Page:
I’ve spent the last 4 weekends away from home with my boyfriend Toby: the first weekend in Peterborough, and the latter three in his new flat in London.  I’ve had a terrific time each time, and it’s a marker of how far I’ve come that now when I am at home in Bristol during the week, life feels empty and, well, a bit lifeless.  I’m finally feeling the love I so desperately longed to feel in the first few months, and I am truly lucky to have found him: I now only fear some unforeseen circumstance or twist of fate breaking us apart and taking this amazing man away from me. But there’s nothing I can do about that, so I just enjoy the times we share together and watch our relationship grow: I have let down my hard-to-get, impenetrable guard and now he sees me as someone who is often vulnerable, sweet and soppy.  During my last two visits, we went to the cinema to watch Eclipse and Inception, and as well as enjoying the films, I cherished the fact that going to the cinema with my boyfriend and cuddling up on the seats, arms linked & heads on each others’ shoulders, was something I thought I’d never get to experience.  It made me feel young, carefree and happy, like the teenager I no longer am but always longed to be.

However, as well as displaying and embracing my softer, romantic side, we also enjoy having sex and often joke that we must be nymphomaniacs.  The sex is the best I’ve ever had, and I am not going to go into specifics because y’all don’t wanna read that and I want to keep that between me and Toby.  But I feel like I finally get to unfurl the wings of my sexuality without embarrassment or shyness.  I have always been a sexual person, and I remember my body being a constant source of fascination as a child (and I mean way before puberty, which I hit early anyway).  As a boy and now a man, I’ve occasionally felt slightly ridiculous for being in touch with myself in a non-macho, non-“I want to fuck everything that moves” way.  I mean, I definitely get horny, but for me my sexuality is less about posturing, racking up notches on a bedpost to prove my virility to others and allay my own insecurities and more about feeling intangibly good in my own skin, exploring what feels / tastes / good and what my body can do to synchronise with my soul and feelings and heighten my experiences as much as possible, and then also sharing that with another person and trying to heighten their experience, someone who knows you and is always uncovering new things about you as you grow together, is a privilege.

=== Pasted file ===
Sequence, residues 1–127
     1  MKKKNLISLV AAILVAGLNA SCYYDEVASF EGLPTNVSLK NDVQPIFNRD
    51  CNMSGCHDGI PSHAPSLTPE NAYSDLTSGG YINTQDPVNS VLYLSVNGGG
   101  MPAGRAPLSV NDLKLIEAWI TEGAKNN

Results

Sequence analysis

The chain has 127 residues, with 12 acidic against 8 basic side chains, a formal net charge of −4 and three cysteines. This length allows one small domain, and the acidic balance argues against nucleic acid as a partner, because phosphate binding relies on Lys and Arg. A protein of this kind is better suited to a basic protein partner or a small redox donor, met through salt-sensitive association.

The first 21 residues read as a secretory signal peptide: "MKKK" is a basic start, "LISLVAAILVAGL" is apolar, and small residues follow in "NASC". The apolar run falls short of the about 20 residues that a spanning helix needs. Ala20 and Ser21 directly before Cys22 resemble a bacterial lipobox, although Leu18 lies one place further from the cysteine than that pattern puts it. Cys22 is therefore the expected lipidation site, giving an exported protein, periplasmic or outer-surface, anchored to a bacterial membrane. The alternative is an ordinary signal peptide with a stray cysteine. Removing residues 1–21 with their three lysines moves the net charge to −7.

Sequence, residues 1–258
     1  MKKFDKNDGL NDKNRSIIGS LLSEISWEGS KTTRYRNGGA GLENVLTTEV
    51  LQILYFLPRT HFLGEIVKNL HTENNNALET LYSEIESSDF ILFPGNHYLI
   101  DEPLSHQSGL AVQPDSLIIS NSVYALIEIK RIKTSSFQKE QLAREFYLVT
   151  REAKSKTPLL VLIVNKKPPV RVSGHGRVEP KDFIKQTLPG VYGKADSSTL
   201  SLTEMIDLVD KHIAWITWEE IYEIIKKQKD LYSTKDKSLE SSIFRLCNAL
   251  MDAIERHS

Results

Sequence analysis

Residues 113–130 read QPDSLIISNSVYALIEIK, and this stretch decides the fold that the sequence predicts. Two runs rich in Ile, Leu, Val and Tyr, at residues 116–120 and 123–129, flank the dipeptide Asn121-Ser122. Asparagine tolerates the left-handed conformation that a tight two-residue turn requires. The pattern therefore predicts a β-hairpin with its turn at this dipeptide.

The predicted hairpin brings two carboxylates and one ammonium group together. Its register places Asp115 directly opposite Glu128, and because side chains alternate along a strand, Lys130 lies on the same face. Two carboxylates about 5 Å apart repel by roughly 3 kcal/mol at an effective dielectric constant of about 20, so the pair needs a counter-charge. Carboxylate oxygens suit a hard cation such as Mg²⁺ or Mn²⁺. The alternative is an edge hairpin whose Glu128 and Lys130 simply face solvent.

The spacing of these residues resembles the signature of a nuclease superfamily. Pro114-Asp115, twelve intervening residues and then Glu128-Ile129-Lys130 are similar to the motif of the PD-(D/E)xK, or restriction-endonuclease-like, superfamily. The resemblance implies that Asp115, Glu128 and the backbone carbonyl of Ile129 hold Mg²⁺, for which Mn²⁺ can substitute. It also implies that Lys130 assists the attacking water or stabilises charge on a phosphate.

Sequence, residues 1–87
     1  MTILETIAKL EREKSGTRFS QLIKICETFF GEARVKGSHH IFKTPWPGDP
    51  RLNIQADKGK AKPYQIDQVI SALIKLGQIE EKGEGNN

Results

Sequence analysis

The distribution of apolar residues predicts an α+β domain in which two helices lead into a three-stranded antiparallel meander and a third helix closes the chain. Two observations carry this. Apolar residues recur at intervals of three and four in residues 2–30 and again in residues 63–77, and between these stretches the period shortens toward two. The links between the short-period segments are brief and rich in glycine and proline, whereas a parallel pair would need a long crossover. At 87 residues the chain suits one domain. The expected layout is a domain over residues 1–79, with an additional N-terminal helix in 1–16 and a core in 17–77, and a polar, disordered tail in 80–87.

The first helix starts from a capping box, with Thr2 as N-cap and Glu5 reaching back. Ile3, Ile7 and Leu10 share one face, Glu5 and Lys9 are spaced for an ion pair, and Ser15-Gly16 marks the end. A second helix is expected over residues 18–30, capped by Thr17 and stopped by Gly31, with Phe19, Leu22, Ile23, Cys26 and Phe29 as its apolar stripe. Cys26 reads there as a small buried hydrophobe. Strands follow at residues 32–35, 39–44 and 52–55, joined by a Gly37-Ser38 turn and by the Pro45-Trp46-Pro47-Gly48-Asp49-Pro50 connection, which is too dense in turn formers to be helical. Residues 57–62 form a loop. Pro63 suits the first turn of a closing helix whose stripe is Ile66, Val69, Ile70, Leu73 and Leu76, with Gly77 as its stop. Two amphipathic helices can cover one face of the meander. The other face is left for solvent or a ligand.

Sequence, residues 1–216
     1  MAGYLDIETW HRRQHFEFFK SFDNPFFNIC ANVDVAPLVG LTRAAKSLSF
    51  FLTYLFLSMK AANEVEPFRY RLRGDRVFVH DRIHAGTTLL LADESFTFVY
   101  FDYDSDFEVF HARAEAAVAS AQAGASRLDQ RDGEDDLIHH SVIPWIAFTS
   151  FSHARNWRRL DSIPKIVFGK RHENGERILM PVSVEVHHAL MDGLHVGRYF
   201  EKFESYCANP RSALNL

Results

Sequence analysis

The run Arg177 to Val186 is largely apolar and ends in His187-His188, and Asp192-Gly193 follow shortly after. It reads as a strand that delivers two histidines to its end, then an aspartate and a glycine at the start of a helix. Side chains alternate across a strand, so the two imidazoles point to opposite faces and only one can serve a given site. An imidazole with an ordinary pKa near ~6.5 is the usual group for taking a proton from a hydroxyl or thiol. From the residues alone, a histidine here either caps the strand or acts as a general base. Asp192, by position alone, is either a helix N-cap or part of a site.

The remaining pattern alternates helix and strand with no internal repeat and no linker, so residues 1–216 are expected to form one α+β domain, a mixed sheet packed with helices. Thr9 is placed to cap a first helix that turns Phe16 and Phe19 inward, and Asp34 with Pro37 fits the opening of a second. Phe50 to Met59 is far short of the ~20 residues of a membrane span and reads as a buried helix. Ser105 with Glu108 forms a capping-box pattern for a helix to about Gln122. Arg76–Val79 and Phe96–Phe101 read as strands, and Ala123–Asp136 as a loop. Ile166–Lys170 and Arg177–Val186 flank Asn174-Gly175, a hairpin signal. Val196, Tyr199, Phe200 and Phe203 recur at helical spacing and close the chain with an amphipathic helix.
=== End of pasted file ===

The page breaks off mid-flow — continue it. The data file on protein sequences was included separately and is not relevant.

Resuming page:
As I’ve gotten older, my sense of fashion has grown and evolved as well, and my having tattoos is not only an embodiment of my darker, more dangerous side with personal emblems for me, but also an expression of sexuality. I believe that tattoos are very sensual things (I’m not interested in getting them as a fashion statement per se, and I will never be seen with a tattoo that is “on trend” because it’s “on trend”), and having someone firstly pierce your skin with a needle shows an immense display of trust; to leave a symbol or picture or message on you that has meaning is exhilarating; then to display tattoos, to let someone in on their meaning, to allow someone to touch that part of your body, is a thrill that for me is part of sexuality.  For me, I don’t need or want everyone to see my tattoos all the time (partly because for work I need to exercise some common sense and be able to cover them), but they are for me first and then for my friends and finally for my boyfriend (who likes them nearly as much as I do!).  Just as wearing sexy outfits, fitted clothes (both of which are again decidedly un-macho), certain colours and styles is more an embodiment of who I am at that particular moment, on that day, at that stage in my life and of who I am as a person (the different layers) than displaying labels, belonging to a particular social clique or taking part in a contest to display as much of myself as possible.  For me, sexuality and promiscuity are two extremely different things. I’ve come to the point where I am happy enough with my body to wear more or less what I want (apart from all the outfits I can’t afford!!! but I’m getting there slowly 🙂 ), and in contrast to my attention-seeking performance outfits of the past (leather trenchcoat here, ripped jeans with handcuffs there – though those outfits were definitely fun and I’ve very glad I wore them!), I am less about turning heads (although that’s always nice) and more about satisfying my own standards.  Which are usually higher anyway! But I also appreciate that I want to feel that I look sexy in my clothes: some people are not concerned with that stuff, but I am – call it vanity, call it what you want. The difference is that now, what validates my sexiness is primarily how I myself feel, and secondly what my boyfriend and close friends think and say. I’m more comfortable in my skin to be more about pleasing myself and to know that yes, some people’s opinions do matter and I want to please others too.  But I also know that the general public is not important, and that I shouldn’t feel intimidated or afraid to be who I am. My sexuality, sensuality, fashion sense, looks, physicality and being as a whole may occasionally be compromised by external forces – I’m only human – but I know that it shouldn’t be and I’m better at making sure that it isn’t 90% of the time.  I am learning to be comfortable in myself as a sexual being, a sensual being, and it’s thrilling that I can listen to sexually-themed music (the thought process behind this post was set in motion while I was dancing to “Desnúdate” from Christina Aguilera’s Bionic album, which I still utterly adore) and understand more of it – not because of the meanings of the words (which are translucent), but because my life and my maturity is falling in line with those things.  I’m growing, and I am grateful to my friends, to Toby and to life in general for provoking me and allowing me to do so. 🙂